People of the Ballet Russes

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Sergei Diaghilev, founder of the Ballets Russes

Choreographers, musicians, artists, and others formed a cohesive dance company that became the Ballet Russes. Russian ballet would never be the same.

The creation and success of the phenomenon known as the Ballet Russe could not have materialized if not for the efforts of some of Russia’s leading artistic minds during the early 20th century. While the Ballet Russe was originally the idea of one man, Sergei Diaghilev, influential individuals from all creative backgrounds united in a joint effort to make the Ballet Russe an powerful force in the Western world of dance.

People of the Ballet Russes – Sergei Diaghilev

Mastermind, impresario, art enthusiast, and co-founder of the World of Art movement, Sergei Diaghilev proposed the development of a ballet that was, at its center, wholly Russian. Employed by a nobleman in charge of St. Petersburg’s Imperial Theater, Diaghilev chose to stoke the fires of interest in ballet as opposed to its more expensive counterpart, opera. Contacting working artists who subsequently leapt on board the Ballet Russes vehicle, Diaghilev created a team of visionaries who worked together to bring to life the impresario’s vision of Russian ballet. This was the origin of the Ballet Russes.

People of the Ballet Russes – Alexander Benois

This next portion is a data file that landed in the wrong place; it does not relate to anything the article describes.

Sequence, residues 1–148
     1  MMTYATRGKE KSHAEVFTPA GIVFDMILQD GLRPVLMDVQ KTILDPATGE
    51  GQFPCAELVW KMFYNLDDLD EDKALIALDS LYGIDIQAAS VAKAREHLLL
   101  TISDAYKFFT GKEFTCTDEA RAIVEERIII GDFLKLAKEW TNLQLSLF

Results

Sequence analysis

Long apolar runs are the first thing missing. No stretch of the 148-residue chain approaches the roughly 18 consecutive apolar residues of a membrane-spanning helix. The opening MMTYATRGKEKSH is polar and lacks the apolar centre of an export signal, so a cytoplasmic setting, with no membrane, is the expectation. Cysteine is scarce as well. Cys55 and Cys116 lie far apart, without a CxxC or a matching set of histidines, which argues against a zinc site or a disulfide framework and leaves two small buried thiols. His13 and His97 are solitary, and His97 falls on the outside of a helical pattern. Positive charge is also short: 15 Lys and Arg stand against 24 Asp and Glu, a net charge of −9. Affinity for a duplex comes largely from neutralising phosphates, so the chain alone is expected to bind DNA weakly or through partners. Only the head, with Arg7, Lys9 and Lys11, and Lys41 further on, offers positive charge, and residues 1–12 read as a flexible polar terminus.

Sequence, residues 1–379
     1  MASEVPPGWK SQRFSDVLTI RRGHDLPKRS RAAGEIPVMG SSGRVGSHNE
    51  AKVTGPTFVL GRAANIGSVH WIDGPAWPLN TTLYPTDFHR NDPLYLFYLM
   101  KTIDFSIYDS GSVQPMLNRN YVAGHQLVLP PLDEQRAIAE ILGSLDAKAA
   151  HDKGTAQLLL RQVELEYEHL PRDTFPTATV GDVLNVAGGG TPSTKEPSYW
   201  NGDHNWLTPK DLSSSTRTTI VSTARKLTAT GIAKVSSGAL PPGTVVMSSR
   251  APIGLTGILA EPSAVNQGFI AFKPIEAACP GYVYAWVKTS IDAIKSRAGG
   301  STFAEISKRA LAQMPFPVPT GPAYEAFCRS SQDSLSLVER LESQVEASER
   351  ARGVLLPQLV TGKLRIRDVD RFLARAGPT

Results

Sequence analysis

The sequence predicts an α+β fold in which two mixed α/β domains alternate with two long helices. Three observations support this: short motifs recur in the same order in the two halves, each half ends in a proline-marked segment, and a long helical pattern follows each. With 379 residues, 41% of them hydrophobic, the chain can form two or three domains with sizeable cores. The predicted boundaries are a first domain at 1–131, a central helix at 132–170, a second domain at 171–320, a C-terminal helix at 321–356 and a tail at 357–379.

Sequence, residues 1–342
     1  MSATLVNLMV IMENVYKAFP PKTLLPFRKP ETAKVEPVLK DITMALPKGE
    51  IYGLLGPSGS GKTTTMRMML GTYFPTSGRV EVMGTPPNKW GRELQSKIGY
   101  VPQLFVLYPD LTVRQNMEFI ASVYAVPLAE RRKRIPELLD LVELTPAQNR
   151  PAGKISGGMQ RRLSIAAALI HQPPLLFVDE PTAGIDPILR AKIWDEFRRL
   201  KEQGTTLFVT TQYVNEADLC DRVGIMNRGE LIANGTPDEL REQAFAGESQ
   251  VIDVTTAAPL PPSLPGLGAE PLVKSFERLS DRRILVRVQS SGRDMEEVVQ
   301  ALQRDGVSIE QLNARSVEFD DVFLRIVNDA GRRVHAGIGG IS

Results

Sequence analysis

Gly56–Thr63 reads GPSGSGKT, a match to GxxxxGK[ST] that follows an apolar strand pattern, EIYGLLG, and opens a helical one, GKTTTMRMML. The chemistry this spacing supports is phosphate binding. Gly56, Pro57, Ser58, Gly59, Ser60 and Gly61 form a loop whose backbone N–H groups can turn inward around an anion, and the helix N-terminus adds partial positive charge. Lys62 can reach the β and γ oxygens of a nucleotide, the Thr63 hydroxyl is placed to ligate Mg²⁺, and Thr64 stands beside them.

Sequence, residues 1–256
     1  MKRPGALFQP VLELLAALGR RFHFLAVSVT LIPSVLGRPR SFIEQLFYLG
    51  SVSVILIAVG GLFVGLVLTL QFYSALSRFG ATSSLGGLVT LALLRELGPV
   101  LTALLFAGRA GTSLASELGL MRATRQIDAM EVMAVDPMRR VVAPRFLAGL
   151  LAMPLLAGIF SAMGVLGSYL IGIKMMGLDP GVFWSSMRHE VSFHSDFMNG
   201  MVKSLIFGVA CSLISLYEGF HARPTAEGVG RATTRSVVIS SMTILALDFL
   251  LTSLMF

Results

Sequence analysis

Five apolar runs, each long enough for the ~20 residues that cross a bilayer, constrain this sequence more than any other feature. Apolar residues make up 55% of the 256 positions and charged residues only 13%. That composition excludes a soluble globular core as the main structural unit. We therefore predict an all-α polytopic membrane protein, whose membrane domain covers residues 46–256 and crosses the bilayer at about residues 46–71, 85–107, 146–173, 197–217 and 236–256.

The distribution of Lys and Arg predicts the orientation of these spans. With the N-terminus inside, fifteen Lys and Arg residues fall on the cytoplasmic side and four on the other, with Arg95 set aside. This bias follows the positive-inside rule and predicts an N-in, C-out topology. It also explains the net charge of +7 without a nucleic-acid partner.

Alexander Benois was involved with the World of Art with Diaghilev and was an enthusiastic fan of ballet. Benois saw the ballet as a method to convey the magic behind folk tales to an international audience. A set designer, watercolorist, and law school graduate, Benois was also recognized for his illustrations of Pushkin’s The Bronze Horseman.

People of the Ballet Russes – Igor Stravinsky

A student of Rimsky-Korsakov, Igor Stravinsky was familiar with ballet as a fallen art form in pre-Ballet Russes Russia. However, it was the Ballet Russes that gave him his debut as an important composer with three famous ballets: The Firebird, Petrushka, and The Rite of Spring. Stravinsky broke from the tradition of his forebears by integrating music into his compositions that had been discovered by ethnographers who scoured the countryside studying folk music. His music exposed Westerners to sounds that they had never experienced, because these sounds were ethnographic artifacts of Russian peasant songs.

People of the Ballet Russes – Vaslav Nijinsky

Vaslav Nijinsky was an acclaimed ballet dancer and gifted choreographer. In a 1913 performance of The Rite of Spring, Nijinsky’s choreography so much from traditional ballet performances that the audience was in a frenzy. The movements were based on the Scythian-inspired paintings of Nikolai Roerich.

Other important people of the Ballet Russes include Anna Pavlova, a ballerina; Mikhail Fokine and George Balanchine, choreographers; Leon Bakst, artist and costume designer; and Dmitri Filosofov, Diaghilev’s cousin, among others. The Ballet Russes’ core of dedicated individuals would change as internal conflicts and global politics pulled dancers and artists in different directions. Some, like Diaghilev, would refrain from returning to Russia after the Revolution. Others, like Balanchine, would become instrumental in revolutionizing ballet in other countries.

References:

  1. Figes, Orlando. Natasha’s Dance: A Cultural History of Russia New York: Picador, 2002.
  2. Valliere, Paul. Change and Tradition in Russian Civilization. Westland: Hayden-McNeil Publishing, Inc., 1995.
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